Source: SF Gate
School crossing guard, Scott Becker, has been bringing a .40 caliber Smith and Wesson handgun to work in Bethlehem, Pa. The gun is on display as Becker assists children crossing the street (video below).
An unidentified person took a picture of Becker with his gun and recently posted it on Facebook. This led to public outcry and Becker's boss asking him to stop carrying the handgun Monday.
“Usually I have it on me, but he asked this morning to take it off while crossing the kids, and I have no problem with it,” Becker told WPVI-TV. “I don’t want to cause grief for anybody. I’m not out to be the monster or anything. I’m just out to do my job.”
Police in Bethlehem are concerned and plan to investigate, but Becker claims he has a gun permit.
“That way I would be here as the first person to respond,” Becker said . “I would be here right away before someone else could respond.”
Becker co-owns a laundromat and will continue to wear his gun there.
“I have a business to take care of, too, so I want to work with that and protect myself,” he said.
Briar MacLean of Calgary was sitting in class on Tuesday when he overheard a classmate being bullied. Realizing the bully had pulled a knife on his classmate, he instinctively tackled him.
Unfortunately, Sir John A. Macdonald School does not “condone heroics,” and MacLean found himself in trouble along with the knife-weilding assailant.
“I was in between two desks and he was poking and prodding the guy,” Briar told the National Post. “He put him in a headlock, and I saw that.”
MacLean did not see the bully pull out a knife, but he “heard the flick, and [he] heard them say there was a knife.”
Around fourth period that day, Briar was sent to the office and the vice principal called his mother, Leah O’Donnell.
“They phoned me and said, ‘Briar was involved in an incident today,'” O’Donnell said. “That he decide to ‘play hero’ and jump in.”
She said the school told her that her son should have told the teacher if there was a problem instead of handling the situation himself.
“I asked [the vice principal] ‘In the time it would have taken him to go get a teacher, could that kid’s throat have been slit?’” O'Donnel said. “She said yes, but that’s beside the point ... we ‘don’t condone heroics in this school.’”
The bravery of confronting someone with a knife aside, what Briar did was stand up to a bully. Bullying is an epidemic in the United States and across the globe, and it often leads to suicide. In fact, bullying is the third leading cause of death among young people, according to the U.S. Centers for Disease Control and Prevention.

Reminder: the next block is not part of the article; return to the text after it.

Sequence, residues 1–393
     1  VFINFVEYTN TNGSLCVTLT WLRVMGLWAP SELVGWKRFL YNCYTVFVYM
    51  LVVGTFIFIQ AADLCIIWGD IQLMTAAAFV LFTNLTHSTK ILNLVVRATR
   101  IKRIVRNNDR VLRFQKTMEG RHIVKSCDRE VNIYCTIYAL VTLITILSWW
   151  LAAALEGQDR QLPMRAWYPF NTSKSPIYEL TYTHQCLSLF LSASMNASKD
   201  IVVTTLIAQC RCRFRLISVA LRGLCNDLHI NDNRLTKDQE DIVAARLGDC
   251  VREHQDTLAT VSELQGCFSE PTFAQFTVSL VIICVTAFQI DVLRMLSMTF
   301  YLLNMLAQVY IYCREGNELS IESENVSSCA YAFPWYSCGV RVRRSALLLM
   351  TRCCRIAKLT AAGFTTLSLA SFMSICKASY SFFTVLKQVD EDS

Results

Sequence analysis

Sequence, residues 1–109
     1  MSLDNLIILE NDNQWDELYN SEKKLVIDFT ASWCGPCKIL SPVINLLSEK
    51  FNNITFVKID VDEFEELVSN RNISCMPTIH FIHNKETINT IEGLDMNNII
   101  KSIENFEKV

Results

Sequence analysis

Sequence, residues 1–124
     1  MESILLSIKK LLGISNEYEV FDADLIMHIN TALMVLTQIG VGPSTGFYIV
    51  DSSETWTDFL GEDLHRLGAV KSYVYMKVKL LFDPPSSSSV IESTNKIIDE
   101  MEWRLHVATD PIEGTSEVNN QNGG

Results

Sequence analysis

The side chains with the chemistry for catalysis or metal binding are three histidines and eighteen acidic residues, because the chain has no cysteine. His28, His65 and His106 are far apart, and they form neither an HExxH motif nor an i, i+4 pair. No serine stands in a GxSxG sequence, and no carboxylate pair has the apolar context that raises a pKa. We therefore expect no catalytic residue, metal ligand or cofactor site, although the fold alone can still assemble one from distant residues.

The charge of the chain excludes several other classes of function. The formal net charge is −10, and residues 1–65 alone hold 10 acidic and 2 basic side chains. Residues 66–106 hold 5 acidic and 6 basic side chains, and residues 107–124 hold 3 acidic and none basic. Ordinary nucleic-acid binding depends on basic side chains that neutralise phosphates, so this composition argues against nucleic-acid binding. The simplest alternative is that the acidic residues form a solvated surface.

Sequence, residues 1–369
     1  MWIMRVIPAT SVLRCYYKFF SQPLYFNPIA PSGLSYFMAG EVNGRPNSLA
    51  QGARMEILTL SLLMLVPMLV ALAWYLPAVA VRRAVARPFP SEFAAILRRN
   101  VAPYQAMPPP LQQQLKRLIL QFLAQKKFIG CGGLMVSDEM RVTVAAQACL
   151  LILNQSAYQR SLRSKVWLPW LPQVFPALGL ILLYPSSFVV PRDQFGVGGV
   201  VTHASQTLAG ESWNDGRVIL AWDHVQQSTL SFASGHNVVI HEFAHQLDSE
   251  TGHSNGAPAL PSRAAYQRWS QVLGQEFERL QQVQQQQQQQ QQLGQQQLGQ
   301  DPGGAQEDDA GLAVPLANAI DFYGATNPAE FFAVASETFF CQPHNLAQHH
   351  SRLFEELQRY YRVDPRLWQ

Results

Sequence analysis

"The student who reportedly intervened was asked to remain in the office to explain what happened but was in no way disciplined,"wrote the school's principal, Michael Bester.
While he was not suspended, Briar was made to feel as if he did something wrong.
"It is not recommended that students intervene in incidents such as this to ensure their own safety,” Bester wrote. “There was a teacher nearby who could have been asked to assist before the third student became involved."
Health teachers in grades 7 through 12 in the Los Angeles Unified School District (LAUSD) are promoting Qpid.me, a website that allows children as young as 12 to share their "verified STD results" and look up other people's HIV/STD statuses with their cell phone.
Qpid.me it is not directly part of the LAUSD's health education curriculum, but is a sex education resource.
Qpid.me posters in LAUSD schools encourage students to utilize the website, reports CBS Los Angeles.
In a Qpid.me demo video (below) for teachers, the website looks up the STD results for former Miss California 2009 Tami Farrell.
Students can use the website to find a STD testing location, find their results online and then share their results, if they want.
While this might sound like it's going too far to some parents, California law allows for children 12 or older to consent to medical care, including the prevention of sexually transmitted disease, without parental consent.
Sources: CBS Los Angeles and Qpid.me